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These are not identical in value, because the outline of the Scheme is a curved and not a straight line, but the difference between them is small, 'and is approximately the same in all Schemes. It will shortly be seen that Q'=1.015 x Q approximately ; therefore a series of Deviations measured in terms of the large unit Q' are numerically smaller than if they had been measured in terms of the small unit. (for the same reason that the numerals in 2, 3, &c., feet are smaller than those in the corresponding values of 24, 36, &c., inches), and they must be multiplied by 1.015 when it is desired to change them into a series having the smaller value of Q for their unit.

All the 18 Schemes of Deviation that can be derived from Table 2 have been treated on these principles, and the results are given in Table 3. Their general accordance with one another, and still more with the mean of all of them, is obvious.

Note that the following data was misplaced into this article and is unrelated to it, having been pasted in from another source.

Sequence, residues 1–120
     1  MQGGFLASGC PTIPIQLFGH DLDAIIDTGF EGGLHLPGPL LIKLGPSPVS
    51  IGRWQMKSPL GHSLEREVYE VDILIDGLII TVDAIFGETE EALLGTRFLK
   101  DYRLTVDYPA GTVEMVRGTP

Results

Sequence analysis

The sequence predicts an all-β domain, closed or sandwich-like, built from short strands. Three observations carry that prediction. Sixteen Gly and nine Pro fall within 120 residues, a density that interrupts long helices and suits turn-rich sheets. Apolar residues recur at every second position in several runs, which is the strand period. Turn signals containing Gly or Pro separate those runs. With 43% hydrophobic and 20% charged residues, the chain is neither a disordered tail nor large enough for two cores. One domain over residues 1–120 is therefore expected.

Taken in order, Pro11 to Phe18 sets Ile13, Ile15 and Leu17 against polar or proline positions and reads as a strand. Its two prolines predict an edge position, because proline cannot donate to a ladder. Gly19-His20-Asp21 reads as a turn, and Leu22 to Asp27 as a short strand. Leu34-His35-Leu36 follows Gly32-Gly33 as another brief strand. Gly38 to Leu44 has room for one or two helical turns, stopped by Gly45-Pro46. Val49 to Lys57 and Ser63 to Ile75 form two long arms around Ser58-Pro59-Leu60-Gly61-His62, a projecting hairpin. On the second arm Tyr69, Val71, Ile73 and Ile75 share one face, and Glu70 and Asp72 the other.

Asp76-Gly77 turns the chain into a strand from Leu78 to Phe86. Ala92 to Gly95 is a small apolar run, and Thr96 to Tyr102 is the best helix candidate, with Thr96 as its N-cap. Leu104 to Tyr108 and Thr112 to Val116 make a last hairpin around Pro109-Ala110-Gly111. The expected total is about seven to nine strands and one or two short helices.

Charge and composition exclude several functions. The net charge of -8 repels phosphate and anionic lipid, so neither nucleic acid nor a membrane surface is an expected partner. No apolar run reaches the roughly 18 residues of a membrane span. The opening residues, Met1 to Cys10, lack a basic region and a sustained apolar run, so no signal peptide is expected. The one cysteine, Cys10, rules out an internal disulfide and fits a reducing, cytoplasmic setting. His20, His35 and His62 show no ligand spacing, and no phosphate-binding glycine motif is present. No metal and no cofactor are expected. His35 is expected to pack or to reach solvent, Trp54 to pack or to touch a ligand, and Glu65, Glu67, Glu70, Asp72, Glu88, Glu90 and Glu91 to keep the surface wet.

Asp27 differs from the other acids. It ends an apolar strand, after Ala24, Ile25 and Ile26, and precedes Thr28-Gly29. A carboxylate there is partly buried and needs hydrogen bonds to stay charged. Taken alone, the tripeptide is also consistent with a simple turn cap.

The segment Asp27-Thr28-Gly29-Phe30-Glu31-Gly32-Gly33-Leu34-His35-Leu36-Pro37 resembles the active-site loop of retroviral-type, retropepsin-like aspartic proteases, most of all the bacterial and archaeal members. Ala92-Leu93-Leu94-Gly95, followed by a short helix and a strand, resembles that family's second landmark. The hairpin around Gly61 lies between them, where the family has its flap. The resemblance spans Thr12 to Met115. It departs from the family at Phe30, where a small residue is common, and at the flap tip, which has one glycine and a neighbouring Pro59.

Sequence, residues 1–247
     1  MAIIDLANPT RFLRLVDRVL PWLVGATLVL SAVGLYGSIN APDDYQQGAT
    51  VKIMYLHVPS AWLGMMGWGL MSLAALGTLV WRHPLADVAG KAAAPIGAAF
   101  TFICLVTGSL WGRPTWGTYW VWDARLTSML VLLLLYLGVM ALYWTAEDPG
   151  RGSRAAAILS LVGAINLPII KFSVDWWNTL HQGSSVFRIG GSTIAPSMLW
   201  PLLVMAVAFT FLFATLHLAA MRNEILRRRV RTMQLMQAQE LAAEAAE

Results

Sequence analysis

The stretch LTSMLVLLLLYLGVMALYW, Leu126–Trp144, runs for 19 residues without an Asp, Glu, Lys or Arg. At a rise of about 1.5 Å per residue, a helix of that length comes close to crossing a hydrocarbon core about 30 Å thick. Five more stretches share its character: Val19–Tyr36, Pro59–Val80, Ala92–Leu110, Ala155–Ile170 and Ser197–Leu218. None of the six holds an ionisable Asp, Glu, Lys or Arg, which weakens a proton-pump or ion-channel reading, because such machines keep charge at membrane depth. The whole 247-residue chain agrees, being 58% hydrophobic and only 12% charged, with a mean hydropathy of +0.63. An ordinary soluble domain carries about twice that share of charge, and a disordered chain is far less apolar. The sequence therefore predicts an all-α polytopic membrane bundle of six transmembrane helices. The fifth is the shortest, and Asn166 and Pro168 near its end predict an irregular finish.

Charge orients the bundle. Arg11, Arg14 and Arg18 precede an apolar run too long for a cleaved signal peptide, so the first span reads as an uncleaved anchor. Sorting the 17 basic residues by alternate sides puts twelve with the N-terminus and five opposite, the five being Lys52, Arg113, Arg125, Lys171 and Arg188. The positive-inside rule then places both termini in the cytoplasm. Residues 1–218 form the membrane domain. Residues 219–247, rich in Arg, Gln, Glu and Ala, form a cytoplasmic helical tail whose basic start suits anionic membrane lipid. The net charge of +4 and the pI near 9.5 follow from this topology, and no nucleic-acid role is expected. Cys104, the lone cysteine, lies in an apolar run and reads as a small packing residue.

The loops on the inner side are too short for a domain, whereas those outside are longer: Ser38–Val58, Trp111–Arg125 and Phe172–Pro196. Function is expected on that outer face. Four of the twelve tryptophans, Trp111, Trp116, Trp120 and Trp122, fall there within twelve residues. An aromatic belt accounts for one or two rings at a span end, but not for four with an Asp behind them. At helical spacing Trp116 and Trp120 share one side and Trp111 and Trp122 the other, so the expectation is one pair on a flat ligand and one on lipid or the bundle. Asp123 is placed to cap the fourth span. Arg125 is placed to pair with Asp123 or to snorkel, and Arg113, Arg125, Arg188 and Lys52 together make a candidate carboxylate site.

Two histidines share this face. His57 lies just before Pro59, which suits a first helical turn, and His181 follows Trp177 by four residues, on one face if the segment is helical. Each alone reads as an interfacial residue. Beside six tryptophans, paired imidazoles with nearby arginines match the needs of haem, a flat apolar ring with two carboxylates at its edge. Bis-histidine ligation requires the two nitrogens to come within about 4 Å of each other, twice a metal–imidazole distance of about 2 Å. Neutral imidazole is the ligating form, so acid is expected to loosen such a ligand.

Normal Curve of Distribution.-The values in the bottom line of Table 3, which is headed " Normal Values when Q = 1," and which correspond with minute precision to those in the line immediately above them, are not derived from observations at all, but from the wellknown Tables of the " Probability Integral " in a way that mathematicians will easily understand by comparing the Tables 4 to 8 inclusive. I need hardly remind the reader that the Law of Error upon which these Normal Values are based, was excogitated for the use of astronomers and others who are concerned with extreme